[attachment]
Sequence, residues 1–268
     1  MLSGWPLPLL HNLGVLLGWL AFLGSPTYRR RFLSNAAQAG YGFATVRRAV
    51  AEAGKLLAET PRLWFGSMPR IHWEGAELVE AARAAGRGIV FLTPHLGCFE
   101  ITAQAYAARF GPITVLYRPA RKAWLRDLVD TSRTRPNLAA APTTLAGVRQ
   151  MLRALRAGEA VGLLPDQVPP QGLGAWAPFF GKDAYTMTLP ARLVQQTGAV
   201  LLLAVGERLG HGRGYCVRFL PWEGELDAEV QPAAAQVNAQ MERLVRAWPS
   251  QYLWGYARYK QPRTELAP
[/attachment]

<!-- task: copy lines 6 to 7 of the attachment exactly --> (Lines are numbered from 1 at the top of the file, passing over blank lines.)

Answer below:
   201  LLLAVGERLG HGRGYCVRFL PWEGELDAEV QPAAAQVNAQ MERLVRAWPS
   251  QYLWGYARYK QPRTELAP